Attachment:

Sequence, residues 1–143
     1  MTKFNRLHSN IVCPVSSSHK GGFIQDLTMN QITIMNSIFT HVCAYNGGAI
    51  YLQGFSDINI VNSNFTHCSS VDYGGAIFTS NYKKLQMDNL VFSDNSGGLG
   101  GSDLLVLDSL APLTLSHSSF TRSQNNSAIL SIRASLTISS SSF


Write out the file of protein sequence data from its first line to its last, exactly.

Sequence, residues 1–143
     1  MTKFNRLHSN IVCPVSSSHK GGFIQDLTMN QITIMNSIFT HVCAYNGGAI
    51  YLQGFSDINI VNSNFTHCSS VDYGGAIFTS NYKKLQMDNL VFSDNSGGLG
   101  GSDLLVLDSL APLTLSHSSF TRSQNNSAIL SIRASLTISS SSF